• If absolutely necessary, some wells can be pumped at a greater capacity for a short duration (several days to weeks).
Water & Sewer FAQ's
1. How do I report a water main break?

Call the emergency number at 240-286-3389 or 240-286-3359

2. How much water are you using?
  • Household faucet: 3 to 5 gallons per minute
  • Shower: 5 to 10 gallons per minute
  • Bath Tub: 50 gallons if full
  • Toilet Flushing: 5 to 7 gallons
  • Dishwasher: 35 gallons
  • Lawn Watering: 35 gallons per ½ acre
  • Pin Hole Leak: 170 gallons per day
  • Dripping Faucet: 1,000 gallons or more a year
3. How do I turn off my water?

Almost every house has a valve to turn of the water located inside the house where the water service line enters. If you cannot find the in-door valve, or you need to do maintenance on your water service line call Town Hall and one of our staff will come to your home during business hours and turn the valve at your street connection. If we are called to your home after 4:00 PM or on weekends to turn off your water, there will be a call-out fee.

4. Where do I pay my water and sewer bills?

Water and sewer bills can be paid at Town Hall or online.

Pay Online

5. What are the water and sewer rates and are they the same for all uses?

Water and sewer rates can be found here on the Town Web site.

6. Who do I contact if I suspect a water leak or sewer backup?

Call the emergency number at 240-286-3389 or 240-286-3359

7. Who do I contact if I have water quality questions?

If you have water quality questions, please contact Town Hall.

8. How do I open a new water account or transfer an account to a new location?

Water and sewer services are provided by the Town’s own water and sewer system. The municipal water system is serviced by eight wells. The water and sewer bills are issued quarterly. To get your water turned on and setup your account contact Town Hall.

9. Is my water hard?

Poolesville water tends to hard (averaging about 15 grains) due to calcium carbonate.

10. Is my water fluoridated?

No, with 12 different points on entry into the system, control of the chemicals and overall costs make it prohibitive. Parents of young children may want to consult their dentist about the need for fluoride to prevent tooth decay.

11. What is PFAS?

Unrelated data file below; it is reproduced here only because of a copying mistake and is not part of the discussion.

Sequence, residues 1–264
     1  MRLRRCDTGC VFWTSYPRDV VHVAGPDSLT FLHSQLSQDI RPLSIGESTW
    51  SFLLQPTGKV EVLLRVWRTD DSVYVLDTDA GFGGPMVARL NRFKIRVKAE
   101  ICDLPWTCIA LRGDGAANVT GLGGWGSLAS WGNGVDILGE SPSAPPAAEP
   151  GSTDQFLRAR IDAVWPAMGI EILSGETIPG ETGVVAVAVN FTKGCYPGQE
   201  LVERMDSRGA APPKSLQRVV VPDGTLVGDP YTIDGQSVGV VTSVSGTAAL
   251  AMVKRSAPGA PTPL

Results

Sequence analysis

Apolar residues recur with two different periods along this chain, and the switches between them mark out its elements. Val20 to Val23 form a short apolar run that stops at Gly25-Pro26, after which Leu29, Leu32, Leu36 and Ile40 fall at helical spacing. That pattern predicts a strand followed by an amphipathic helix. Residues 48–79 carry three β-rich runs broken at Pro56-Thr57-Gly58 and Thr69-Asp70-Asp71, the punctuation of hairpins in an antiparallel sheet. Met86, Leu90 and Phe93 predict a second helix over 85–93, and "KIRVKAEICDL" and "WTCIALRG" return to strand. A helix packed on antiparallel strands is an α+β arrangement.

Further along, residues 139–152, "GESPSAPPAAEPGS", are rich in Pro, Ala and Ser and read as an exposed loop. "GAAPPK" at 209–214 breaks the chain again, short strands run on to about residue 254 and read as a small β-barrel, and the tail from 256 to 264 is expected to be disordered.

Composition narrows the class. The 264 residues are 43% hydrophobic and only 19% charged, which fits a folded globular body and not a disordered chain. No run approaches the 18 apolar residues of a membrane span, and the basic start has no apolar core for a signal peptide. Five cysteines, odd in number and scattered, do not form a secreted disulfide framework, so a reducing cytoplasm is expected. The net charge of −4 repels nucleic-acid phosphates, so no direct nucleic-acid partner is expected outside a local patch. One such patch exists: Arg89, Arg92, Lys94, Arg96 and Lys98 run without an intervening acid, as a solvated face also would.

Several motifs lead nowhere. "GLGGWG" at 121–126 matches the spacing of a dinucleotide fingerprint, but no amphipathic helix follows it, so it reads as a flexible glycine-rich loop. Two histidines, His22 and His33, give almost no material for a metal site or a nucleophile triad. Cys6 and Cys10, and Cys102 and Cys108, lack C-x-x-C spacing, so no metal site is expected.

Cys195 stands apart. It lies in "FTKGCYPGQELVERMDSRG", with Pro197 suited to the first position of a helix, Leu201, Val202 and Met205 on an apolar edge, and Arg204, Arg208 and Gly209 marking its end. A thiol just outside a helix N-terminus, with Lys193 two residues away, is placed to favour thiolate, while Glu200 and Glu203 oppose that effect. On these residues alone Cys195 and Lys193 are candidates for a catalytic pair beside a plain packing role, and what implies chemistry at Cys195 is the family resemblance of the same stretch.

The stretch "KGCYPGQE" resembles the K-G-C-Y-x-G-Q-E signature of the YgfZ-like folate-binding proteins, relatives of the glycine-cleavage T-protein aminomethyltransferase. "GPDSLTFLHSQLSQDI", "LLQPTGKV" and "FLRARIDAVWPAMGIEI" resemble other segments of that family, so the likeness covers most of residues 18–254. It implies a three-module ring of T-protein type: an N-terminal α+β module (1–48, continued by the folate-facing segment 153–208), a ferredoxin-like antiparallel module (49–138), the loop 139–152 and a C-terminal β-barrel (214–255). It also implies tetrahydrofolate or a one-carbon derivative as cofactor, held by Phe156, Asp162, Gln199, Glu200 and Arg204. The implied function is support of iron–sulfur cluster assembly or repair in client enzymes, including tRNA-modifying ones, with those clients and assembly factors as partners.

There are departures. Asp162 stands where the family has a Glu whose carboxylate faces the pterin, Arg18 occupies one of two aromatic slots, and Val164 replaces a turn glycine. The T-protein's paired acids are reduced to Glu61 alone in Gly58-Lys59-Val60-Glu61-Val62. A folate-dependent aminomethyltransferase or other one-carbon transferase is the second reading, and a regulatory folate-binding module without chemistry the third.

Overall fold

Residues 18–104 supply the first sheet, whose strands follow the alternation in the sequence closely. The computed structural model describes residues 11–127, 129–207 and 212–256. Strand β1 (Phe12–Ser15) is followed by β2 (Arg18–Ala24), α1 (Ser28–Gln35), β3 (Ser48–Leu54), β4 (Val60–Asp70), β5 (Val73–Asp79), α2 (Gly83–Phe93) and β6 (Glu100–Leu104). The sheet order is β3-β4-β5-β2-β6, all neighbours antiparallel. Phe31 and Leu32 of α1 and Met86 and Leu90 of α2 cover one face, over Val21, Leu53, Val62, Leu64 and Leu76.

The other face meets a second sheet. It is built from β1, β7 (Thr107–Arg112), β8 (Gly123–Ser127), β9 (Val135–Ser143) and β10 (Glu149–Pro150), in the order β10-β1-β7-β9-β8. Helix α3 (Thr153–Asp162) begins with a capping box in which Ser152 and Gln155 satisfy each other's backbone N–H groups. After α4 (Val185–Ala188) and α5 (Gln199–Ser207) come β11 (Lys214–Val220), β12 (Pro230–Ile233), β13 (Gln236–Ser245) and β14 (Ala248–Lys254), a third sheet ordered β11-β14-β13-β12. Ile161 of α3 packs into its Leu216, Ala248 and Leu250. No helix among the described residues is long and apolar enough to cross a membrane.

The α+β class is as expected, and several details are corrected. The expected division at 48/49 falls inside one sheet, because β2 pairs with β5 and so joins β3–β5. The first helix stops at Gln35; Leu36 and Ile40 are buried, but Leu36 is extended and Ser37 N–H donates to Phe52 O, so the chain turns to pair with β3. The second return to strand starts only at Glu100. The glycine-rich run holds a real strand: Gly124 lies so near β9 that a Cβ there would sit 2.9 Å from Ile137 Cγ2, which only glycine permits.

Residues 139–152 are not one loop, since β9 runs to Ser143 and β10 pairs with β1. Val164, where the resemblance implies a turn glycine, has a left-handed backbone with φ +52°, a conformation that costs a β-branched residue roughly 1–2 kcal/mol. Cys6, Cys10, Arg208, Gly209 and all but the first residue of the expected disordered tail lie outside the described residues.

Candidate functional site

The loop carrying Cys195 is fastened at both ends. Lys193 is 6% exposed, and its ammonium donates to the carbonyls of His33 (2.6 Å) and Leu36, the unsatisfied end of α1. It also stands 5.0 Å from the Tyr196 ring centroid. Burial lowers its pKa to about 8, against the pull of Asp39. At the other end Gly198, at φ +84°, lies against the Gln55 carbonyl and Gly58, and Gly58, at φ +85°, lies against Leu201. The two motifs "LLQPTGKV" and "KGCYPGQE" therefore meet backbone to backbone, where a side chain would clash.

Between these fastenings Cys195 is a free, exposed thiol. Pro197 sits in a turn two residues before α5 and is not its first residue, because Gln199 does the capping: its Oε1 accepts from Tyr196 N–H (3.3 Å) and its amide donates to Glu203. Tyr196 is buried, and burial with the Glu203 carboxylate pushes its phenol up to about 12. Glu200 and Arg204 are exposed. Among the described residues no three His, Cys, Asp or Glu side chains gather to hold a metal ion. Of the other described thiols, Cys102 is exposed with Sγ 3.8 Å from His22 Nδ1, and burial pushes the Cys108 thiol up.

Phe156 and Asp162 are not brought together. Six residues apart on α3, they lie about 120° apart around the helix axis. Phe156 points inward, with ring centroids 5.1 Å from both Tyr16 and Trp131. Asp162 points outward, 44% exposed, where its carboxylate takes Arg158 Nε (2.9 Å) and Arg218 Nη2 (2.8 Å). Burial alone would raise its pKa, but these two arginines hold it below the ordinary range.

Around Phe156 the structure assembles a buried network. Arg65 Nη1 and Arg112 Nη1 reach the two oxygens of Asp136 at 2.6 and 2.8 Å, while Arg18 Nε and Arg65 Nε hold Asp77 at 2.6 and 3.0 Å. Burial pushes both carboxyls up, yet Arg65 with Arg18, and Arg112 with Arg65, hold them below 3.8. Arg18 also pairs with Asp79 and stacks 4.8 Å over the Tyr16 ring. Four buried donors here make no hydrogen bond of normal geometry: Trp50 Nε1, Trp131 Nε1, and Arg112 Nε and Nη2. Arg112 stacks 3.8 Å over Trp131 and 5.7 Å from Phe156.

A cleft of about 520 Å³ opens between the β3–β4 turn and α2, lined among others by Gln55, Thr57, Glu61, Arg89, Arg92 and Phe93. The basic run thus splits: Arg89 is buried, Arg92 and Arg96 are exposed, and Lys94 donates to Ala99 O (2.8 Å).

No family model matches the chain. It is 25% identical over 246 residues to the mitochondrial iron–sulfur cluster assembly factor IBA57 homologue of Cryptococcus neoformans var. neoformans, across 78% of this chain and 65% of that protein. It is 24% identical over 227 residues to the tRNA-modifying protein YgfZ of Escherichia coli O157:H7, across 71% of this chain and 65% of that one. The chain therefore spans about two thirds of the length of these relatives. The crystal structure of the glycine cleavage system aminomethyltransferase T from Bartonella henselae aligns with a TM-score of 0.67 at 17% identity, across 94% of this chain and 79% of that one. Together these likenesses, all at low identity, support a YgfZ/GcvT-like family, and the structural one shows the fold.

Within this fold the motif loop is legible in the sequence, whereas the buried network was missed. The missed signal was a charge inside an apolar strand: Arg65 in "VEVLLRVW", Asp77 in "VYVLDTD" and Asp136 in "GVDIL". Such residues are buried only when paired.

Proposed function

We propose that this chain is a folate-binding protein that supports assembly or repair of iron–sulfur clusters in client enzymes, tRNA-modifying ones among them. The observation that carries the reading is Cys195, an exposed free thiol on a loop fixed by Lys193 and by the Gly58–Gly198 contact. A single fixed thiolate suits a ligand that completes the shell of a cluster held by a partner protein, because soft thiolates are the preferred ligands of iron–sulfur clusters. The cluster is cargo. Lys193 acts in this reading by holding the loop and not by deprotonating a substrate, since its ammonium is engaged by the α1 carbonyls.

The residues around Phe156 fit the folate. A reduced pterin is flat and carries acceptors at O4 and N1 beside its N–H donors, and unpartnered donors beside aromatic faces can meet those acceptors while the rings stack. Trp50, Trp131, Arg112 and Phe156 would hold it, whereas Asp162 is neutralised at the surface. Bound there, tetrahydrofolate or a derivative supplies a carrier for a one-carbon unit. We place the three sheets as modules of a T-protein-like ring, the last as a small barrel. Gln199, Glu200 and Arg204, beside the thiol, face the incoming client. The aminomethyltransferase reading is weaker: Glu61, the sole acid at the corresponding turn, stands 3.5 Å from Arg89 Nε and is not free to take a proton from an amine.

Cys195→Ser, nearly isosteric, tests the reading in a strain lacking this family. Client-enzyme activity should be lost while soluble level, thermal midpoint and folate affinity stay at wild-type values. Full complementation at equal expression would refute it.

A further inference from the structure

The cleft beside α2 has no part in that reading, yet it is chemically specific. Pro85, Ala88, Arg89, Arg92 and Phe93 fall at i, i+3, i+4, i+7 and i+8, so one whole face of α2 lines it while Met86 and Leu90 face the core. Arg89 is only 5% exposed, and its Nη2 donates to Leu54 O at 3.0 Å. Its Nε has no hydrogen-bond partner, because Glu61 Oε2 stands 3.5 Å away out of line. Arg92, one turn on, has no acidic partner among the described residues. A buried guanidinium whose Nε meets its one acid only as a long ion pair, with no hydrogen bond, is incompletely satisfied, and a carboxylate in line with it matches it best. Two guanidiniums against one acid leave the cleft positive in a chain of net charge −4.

Per- and polyfluoroalkyl substances (PFAS) are a group of man-made chemicals that includes PFOA, PFOS, GenX, and many other chemicals. Certain PFAS chemicals are no longer manufactured in the United States as a result of phase outs in which eight major chemical manufacturers agreed to eliminate the use of PFOA and PFOA-related chemicals in their products and as emissions from their facilities. PFAS is a carcinogen.

The Federal limit is 70 parts per trillion and many states have not yet set standards for PFAS, but soon will. Of states that have set lower limits than the Federal guidelines, the lowest limit is 13. PFAS has been used to make products like stain and water resistant carpet and textiles, food packaging, firefighting foam, as well as in other industrial processes. Being that Poolesville is in the Agricultural Reserve, where industrial processes have been fairly limited, it is less likely to find PFAS here.

The Maryland Department of Environment (MDE) does not regulate PFAS currently or requires testing for it. MDE is in the process of sampling all communities with public systems as a precaution to see if/where PFAS exists in the state. MDE has started with communities that rely on water supply from surface water, where contamination is most likely to occur. Surface water includes streams, rivers, reservoirs and open bodies of water. They will then move to communities like Poolesville that receive their water from aquifers or underground sources. As of Spring of 2020, MDE does not have a timeframe of when they will come to Poolesville. The Town has communicated with MDE regarding PFAS testing. MDE provided reassurance that we do not need to be proactively testing based on what we know today.

Emergency Numbers

(240) 286-3389
(240) 286-3359